3. Anticipated Support Requirements – are you relying on upcoming upgrades to solve critical issues? Does your company have a history of typically deploying upgrades as they are released or are you running older versions? Do you have customizations that are unsupported by SAP under current Enterprise Support policies?
4. Third party support capabilities – do they have the expertise and experience to meet your support requirements, including support of any customizations that are unsupported by SAP?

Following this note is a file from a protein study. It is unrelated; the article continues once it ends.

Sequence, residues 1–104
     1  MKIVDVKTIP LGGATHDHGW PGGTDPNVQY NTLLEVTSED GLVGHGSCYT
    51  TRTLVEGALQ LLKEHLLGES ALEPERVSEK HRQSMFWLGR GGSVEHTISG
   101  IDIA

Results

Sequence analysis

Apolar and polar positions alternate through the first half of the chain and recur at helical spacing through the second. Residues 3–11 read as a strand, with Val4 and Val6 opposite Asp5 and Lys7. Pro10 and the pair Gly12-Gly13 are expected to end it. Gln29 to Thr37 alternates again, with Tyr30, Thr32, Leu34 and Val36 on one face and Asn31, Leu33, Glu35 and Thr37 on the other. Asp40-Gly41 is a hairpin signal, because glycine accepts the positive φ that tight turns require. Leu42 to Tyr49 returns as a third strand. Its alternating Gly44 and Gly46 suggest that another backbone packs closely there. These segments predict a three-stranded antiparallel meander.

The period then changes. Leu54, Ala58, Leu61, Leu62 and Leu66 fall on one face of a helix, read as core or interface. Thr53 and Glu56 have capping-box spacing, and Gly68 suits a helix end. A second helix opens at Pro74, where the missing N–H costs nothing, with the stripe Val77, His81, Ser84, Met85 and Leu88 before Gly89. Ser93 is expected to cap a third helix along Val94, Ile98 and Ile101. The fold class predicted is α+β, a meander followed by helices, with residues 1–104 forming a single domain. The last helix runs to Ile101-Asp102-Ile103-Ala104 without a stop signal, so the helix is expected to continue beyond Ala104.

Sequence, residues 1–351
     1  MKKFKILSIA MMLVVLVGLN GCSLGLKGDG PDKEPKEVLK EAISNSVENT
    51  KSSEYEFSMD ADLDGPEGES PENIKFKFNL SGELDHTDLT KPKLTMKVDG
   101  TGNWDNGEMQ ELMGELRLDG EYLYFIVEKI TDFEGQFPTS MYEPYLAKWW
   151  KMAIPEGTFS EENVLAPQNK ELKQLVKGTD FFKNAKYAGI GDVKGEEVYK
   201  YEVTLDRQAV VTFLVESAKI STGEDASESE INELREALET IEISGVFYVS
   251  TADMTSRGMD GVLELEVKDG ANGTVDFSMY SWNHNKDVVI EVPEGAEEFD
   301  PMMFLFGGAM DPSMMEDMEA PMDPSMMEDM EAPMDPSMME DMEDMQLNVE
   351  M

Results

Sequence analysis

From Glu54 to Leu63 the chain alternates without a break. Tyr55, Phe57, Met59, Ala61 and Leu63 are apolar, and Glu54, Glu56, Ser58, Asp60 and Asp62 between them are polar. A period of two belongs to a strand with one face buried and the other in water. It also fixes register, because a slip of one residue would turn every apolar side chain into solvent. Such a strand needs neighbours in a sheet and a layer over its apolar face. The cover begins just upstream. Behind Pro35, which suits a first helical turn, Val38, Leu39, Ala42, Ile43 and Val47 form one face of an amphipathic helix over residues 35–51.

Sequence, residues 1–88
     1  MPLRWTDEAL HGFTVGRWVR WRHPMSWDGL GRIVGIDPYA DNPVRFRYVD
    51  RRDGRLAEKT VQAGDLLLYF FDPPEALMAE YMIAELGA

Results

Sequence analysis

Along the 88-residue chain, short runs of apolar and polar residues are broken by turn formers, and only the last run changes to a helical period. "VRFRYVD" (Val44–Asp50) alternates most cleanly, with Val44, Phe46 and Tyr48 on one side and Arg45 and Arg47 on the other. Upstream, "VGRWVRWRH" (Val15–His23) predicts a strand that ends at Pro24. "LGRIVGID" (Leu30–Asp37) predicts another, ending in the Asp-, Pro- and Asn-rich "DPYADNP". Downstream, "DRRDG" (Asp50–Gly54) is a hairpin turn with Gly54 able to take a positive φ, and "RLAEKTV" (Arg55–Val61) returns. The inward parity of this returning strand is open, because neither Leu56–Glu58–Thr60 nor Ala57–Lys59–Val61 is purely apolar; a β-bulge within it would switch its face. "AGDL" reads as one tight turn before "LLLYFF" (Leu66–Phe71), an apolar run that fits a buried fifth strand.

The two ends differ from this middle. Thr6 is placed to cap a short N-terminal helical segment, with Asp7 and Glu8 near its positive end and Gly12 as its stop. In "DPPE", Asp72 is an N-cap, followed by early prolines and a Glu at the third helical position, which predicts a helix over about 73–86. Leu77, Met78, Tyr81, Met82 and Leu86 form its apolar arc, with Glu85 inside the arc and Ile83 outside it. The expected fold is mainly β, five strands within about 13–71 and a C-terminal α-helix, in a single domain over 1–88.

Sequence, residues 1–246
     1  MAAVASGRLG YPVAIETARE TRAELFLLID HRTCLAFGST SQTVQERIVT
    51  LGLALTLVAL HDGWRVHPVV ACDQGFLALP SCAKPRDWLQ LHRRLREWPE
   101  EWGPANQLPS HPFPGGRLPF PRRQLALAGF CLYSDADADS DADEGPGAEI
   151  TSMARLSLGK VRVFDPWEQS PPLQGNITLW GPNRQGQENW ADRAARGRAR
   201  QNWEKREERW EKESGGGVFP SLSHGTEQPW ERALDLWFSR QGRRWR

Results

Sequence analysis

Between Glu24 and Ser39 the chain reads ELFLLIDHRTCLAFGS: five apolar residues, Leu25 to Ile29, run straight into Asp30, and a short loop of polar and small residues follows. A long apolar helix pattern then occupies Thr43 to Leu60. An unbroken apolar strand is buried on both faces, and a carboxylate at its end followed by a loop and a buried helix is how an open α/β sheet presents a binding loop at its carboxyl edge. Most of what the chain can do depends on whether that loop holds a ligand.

5. SAP Relationship – does your company have strong ties with SAP executives that your executives are fearful of straining? Are there any near-term license purchases on the horizon that could be negatively impacted by switching support providers? Are there concerns that an audit may reveal non-compliance scenarios resulting in substantial fees?
6. Cost / Value Equation – What is the delta between the cost/value of third party support compared to what you are currently receiving from SAP today?
Oh, and there are scenarios where moving to third party support can cut your support fees by greater than 50%; which is something we are willing to discuss on an individual basis.
And here is the fun part; you now have a great negotiating platform for approaching SAP – assuming your company would still be open to remaining on SAP support – but at a lower cost more aligned to the actual value your company receives.